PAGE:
Google is planning to bring a subscription-based movie streaming service to the UK according to a report in the New York Times.
YouTube, which is owned by the search engine and Internet advertising virtual monopoly, is set to break out of its current market of ad-sponsored free clips of musical cats and testicle-crunching skateboarders to offer a subscription-based movie streaming service backed by some of Hollywood's biggest players, according to the US newspaper.
Google has apparently earmarked $100 million to tempt film makers to sign up to the service and has made a number of recent acquisitions, including Seattle-based DRM outfit WildVine, with the addition of ex-Netflix exec Robert Kyncl adding credence to the claims.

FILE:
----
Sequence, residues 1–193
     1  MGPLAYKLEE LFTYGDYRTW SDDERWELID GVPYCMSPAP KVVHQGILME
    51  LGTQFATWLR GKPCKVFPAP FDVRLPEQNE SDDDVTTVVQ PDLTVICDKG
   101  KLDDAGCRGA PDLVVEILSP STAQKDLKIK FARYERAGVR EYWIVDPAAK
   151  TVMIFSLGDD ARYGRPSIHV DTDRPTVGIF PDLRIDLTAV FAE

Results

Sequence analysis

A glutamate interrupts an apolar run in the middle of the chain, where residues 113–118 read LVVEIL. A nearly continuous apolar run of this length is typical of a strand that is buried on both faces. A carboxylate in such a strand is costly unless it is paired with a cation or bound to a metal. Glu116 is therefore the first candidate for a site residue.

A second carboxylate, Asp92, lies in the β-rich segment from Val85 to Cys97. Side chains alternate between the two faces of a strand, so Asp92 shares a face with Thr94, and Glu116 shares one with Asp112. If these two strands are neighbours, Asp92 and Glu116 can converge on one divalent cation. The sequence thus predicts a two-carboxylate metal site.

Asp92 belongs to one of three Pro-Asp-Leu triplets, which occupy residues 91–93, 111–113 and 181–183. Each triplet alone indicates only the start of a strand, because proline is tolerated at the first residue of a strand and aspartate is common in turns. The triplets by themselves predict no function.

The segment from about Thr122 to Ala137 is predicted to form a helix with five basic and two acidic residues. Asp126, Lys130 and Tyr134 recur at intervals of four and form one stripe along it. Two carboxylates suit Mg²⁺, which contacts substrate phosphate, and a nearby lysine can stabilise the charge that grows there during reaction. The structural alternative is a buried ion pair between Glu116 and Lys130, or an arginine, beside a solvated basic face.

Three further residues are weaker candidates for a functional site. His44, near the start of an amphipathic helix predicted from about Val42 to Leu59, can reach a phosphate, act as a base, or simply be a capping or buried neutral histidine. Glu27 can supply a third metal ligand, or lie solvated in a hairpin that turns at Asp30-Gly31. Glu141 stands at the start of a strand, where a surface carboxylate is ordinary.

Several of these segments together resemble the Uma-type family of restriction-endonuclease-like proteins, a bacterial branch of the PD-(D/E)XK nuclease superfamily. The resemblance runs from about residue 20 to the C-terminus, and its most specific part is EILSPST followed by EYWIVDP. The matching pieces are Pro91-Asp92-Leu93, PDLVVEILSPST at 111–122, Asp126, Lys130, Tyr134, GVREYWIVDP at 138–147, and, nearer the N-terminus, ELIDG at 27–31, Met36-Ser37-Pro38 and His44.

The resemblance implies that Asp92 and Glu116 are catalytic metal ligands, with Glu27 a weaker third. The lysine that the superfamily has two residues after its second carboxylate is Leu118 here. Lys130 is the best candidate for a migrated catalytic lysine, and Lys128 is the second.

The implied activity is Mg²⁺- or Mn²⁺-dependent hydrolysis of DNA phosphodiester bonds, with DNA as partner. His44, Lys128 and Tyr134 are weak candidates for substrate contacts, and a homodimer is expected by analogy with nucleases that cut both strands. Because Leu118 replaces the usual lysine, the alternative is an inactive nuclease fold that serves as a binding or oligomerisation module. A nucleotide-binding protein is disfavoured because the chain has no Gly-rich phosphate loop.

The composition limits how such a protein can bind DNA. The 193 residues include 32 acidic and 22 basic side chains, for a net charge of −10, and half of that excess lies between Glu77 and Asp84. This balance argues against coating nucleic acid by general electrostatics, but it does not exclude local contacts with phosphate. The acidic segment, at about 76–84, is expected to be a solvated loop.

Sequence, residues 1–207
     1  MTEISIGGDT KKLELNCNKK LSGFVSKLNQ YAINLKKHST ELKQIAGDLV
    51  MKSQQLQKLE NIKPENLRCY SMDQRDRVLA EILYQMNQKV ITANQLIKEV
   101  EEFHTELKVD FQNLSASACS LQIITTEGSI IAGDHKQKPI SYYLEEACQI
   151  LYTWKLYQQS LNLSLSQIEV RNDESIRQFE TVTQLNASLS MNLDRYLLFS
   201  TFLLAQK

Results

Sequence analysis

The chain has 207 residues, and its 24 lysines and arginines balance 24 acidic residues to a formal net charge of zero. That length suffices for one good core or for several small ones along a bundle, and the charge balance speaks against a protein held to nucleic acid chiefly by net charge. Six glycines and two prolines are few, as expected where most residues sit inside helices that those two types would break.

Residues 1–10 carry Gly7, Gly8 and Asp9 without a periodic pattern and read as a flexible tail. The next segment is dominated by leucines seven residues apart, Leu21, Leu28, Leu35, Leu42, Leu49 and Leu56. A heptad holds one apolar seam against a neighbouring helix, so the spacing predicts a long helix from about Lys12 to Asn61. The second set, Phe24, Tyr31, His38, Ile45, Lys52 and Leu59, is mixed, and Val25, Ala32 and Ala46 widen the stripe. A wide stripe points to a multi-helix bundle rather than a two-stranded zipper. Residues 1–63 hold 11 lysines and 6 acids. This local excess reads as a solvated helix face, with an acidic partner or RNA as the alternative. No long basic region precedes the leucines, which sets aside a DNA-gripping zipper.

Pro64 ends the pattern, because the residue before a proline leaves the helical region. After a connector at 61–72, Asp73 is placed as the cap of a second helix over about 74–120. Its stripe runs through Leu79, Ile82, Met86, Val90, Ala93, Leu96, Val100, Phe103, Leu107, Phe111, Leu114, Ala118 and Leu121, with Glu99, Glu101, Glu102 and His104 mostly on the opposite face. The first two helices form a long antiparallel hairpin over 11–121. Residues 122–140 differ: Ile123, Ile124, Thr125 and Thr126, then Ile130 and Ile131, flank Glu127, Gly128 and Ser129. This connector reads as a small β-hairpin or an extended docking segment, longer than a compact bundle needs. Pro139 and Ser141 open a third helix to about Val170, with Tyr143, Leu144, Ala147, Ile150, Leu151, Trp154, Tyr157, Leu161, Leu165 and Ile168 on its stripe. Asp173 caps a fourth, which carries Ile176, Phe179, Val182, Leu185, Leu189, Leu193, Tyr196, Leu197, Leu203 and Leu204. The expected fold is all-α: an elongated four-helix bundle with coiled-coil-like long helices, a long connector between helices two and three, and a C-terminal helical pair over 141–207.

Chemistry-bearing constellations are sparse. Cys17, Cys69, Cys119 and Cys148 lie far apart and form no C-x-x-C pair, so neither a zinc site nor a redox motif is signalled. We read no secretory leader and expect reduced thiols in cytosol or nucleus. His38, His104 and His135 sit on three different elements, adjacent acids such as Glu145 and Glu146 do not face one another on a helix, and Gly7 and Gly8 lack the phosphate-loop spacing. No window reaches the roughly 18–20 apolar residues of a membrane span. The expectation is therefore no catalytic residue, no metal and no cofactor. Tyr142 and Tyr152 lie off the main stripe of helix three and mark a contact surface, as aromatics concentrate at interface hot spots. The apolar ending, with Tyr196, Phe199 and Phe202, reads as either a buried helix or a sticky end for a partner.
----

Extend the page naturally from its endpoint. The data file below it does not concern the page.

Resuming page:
But the company will have its work cut out convincing movie company bosses to buy into an outfit which has consistently rubbed the film industry the wrong way with its lax attitude to copyright infringement.
YouTube currently has limited deals to show some movies free of charge but box-office blockbusters are conspicuous by their absence.
Google is said to have been in talks with studios for months now and a limited launch in the UK and other European countries could be seen as a test bed for wider international launches.